Rockford Airport’s step into the energy future

The recent announcement of the Rockford Airport’s hydrogen fuel cell and renewable energy project opens a new chapter in supplying energy to the Rockford community. While it is not as comprehensive as San Francisco’s attempt to recapture some control over its energy supply, it is a step in the right direction. The project fits well with Frank Schier’s consistent advocacy of renewable energy technologies as a means to revitalize the local economy. All elements of the airport project have been presented in previous articles on renewable energy in this newspaper. While we have had some direct involvement in the project, Bob O’Brien’s enthusiastic support of the project is refreshing and essential.

The initial planning grant is designed to sort out details of the potential project and identify funding sources needed to implement it. When the three technologies involved—solar cells, wind generators and fuel cells—are judged in terms of the timing of potential community impacts the following pattern emerges.

Producing electricity from the sun is a well-established technology that has been growing at an annual rate of around 30 percent. California leads the nation in installed capacity. Illinois is fourth with roughly two-thirds of the installed output located in Chicago. The city made a commitment to renewable energy and assisted Spire Solar Chicago in locating a solar electric assembly plant in the city

The type of solar installation considered at the Rockford Airport is produced by UniSolar Corporation of Michigan. PV cells are integrated into roofing material, which helps to lower the cost of the system. This approach is gaining acceptance for commercial applications with firms like Frito Lay and Coca-Cola in California. If commercial interests in this area begin to use this technology, more local energy dollars will stay in the community, and more roofers and electricians will have jobs installing them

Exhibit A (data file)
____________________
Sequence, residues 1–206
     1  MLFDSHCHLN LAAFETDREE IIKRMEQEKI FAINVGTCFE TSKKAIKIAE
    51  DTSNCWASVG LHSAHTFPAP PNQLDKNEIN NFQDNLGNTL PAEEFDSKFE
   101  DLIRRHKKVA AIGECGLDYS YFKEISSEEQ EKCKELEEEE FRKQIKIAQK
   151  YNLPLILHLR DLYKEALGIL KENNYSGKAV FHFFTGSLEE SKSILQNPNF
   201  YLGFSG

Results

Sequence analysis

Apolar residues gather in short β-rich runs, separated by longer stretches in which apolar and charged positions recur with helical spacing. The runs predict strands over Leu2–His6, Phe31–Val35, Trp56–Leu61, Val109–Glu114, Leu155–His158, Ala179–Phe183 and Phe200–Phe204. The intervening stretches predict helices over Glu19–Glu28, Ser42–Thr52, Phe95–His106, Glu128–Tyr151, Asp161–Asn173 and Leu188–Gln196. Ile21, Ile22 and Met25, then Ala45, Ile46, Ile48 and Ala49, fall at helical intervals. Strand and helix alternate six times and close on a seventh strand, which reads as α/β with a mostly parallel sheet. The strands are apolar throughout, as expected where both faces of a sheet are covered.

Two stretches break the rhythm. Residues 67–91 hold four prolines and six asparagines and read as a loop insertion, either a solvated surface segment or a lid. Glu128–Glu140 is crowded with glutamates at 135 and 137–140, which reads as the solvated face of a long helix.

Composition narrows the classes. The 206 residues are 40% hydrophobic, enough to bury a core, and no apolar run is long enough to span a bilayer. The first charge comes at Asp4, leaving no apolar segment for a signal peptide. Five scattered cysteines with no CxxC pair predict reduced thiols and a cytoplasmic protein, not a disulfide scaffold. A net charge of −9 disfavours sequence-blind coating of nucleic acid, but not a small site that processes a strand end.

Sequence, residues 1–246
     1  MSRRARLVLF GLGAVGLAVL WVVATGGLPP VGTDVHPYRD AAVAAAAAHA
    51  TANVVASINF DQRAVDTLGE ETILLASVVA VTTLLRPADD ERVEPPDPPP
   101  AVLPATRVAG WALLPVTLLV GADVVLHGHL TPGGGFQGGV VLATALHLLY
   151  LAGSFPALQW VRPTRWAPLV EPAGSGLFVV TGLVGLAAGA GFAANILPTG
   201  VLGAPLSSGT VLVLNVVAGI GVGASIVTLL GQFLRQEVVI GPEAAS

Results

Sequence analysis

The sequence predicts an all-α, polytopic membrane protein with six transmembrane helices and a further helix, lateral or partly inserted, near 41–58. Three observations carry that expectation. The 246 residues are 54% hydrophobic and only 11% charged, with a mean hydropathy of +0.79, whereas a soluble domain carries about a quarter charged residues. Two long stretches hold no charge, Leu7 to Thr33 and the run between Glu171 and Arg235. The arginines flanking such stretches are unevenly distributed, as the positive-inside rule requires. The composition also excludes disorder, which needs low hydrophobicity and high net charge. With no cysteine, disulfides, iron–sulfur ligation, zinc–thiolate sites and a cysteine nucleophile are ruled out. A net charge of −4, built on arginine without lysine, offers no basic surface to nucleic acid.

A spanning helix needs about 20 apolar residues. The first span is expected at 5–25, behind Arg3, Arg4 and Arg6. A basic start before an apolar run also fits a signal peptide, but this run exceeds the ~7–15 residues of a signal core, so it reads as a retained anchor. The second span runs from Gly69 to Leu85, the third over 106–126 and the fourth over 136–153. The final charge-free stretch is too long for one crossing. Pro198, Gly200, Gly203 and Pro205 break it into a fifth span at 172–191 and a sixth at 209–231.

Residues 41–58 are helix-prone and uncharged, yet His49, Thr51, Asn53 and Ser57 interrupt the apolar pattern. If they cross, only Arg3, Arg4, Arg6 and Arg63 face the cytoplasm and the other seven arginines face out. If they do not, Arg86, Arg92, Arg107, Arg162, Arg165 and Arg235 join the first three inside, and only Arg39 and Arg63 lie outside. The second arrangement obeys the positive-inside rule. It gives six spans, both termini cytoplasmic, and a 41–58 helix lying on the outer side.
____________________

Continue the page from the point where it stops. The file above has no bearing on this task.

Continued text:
The new wind generators targeted for use at the airport are unique as they do not use blades to capture the force of the wind, but rely on a design similar to the double helix pattern found in DNA. This design makes them suitable for rooftop applications. They work well under changing wind conditions and are intended to provide electricity for on-site use. If the machines become a commercial success, LJ Fabricators of Rockford will play a major role in their production. The generator was designed by Bill Becker, a professor at the University of Illinois—Circle Campus.

While the potential economic impact of fuel cells is substantial, the supporting technology remains expensive and needs further improvements to lower its cost. Two methods of generating hydrogen for the project will be demonstrated: stripping it from natural gas and releasing it from water using wind and solar electricity.

The airport project is a significant step toward establishing a new energy model in the Rockford area. The Winnebago County Board is considering ways to make the new Justice Center more energy efficient and to incorporate renewable energy sources. The Park District is also considering incorporating these technologies into the new facilities for the Discovery Center and the Burpee Museum.

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